When I was in the airport screening line recently, I was pulled from the long line and put in what the TSA agent called “The Lucky Lane”, a much shorter line where I didn’t have to take off my shoes, jacket or take my computer out of my bag.

It colored my whole day a little brighter.  The children in the family behind me, who also got put in “The Lucky Lane”, danced and sang.  We smiled at each other, and wondered what other luck might be coming out way.

There are so many ways to be lucky in this life.

When I was an actor, one of my acting friends used to say, “Most actors live their lives waiting to win the lottery.” He meant that the idea for most actors to “make it big” in the profession was so slim that it was like waiting to win the lottery.

I read somewhere that many Americans idea of future financial planning included a vague hope they would win the lottery.  (Most financial planners would shudder…)

Statistically speaking, there are so many places in life where the odds are against us “winning”.  And although I am totally planning on winning Publishers Clearing House :), there are other reasons to celebrate.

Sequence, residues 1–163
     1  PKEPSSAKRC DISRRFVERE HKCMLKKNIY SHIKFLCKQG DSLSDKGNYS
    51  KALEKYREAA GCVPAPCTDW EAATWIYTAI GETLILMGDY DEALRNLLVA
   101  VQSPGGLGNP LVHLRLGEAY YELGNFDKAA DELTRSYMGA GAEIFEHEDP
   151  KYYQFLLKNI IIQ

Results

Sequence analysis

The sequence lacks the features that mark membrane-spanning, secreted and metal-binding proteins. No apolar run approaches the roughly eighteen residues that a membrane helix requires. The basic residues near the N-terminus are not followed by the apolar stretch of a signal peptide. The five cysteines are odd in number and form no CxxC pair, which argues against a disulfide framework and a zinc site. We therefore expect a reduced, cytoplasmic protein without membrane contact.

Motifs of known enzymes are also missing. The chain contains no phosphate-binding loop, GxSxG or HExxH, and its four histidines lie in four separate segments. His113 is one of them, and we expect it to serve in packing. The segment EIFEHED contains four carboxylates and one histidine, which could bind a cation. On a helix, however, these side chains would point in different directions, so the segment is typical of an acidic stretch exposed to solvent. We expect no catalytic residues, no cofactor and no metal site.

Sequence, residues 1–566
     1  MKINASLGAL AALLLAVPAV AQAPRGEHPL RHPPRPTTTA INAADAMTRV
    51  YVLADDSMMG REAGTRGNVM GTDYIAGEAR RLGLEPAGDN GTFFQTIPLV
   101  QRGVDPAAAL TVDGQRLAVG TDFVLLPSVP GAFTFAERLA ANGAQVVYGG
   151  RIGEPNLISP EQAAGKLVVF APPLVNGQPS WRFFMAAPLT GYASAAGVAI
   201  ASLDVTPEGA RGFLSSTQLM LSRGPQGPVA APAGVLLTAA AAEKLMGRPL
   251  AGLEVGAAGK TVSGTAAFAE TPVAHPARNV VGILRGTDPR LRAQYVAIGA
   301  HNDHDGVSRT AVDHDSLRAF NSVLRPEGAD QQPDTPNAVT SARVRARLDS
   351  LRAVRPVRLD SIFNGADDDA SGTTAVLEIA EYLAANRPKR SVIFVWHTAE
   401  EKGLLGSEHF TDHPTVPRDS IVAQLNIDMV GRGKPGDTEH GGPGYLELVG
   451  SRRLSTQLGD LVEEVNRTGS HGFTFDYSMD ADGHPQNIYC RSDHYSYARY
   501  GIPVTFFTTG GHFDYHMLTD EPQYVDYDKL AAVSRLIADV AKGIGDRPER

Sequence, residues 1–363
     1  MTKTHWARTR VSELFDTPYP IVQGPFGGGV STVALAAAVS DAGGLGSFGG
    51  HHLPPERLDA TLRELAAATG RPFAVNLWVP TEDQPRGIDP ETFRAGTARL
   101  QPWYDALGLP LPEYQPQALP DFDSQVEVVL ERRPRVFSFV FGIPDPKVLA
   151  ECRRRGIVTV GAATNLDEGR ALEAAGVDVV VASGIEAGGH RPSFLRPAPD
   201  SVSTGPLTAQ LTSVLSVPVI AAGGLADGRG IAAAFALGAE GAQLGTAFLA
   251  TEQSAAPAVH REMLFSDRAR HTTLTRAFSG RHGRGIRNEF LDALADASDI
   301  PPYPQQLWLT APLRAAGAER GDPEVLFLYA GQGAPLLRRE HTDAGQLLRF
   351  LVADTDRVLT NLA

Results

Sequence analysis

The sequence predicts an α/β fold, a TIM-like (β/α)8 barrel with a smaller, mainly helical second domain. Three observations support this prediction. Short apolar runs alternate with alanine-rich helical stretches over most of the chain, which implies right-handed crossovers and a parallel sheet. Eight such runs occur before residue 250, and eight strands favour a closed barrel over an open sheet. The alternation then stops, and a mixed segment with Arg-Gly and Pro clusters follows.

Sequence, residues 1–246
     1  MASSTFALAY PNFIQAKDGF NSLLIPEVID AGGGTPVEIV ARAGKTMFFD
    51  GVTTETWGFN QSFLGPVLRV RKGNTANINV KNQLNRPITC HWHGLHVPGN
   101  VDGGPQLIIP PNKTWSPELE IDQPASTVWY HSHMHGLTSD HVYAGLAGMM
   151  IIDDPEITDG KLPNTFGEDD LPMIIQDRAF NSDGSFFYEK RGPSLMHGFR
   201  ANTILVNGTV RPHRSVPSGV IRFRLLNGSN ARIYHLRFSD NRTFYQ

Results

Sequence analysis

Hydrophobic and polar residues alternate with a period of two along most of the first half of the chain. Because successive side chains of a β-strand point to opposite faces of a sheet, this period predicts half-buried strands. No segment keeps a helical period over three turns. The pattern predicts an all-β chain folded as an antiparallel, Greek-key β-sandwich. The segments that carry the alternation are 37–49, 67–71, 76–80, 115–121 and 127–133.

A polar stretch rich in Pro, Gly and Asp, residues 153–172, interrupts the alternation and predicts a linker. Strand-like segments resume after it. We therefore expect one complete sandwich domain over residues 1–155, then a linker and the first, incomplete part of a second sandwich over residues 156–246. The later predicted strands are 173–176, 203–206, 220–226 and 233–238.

During this season of gratitude (and I include Thanksgiving through New Year), I encourage you to remember and celebrate those places where (in a sense) you have already won the lottery.

For instance, I was blessed to be born to parents who were healthy and fit themselves.  As a child, my mother never pushed me to eat more than I wanted (except for green vegetables…) and didn’t equate how much I loved her with how much of her cooking I ate.  We regularly went for walks as a family.

My dad supported my athleticism by attending my track meets (especially when I was the only girl on the boys’ track team when there wasn’t a girls’ team).

To this day, I am grateful to have a positive relationship with my body.

As I’ve grown older and have seen some friends succumb to “lifestyle illnesses” (those illnesses that can be prevented or lessened by a good diet and exercise), I am even more grateful for my genes and (relatively) healthy habits that were a part of my growing up.

What gifts were a part of growing up in your family?  What healthy mental, physical, emotional, or spiritual legacy sustains you?

For you, how might this be like being placed in “The Lucky Lane” or like winning the lottery?

And may you pursue your path rejoicing in the gifts that are yours by birth,

Best wishes,

Elizabeth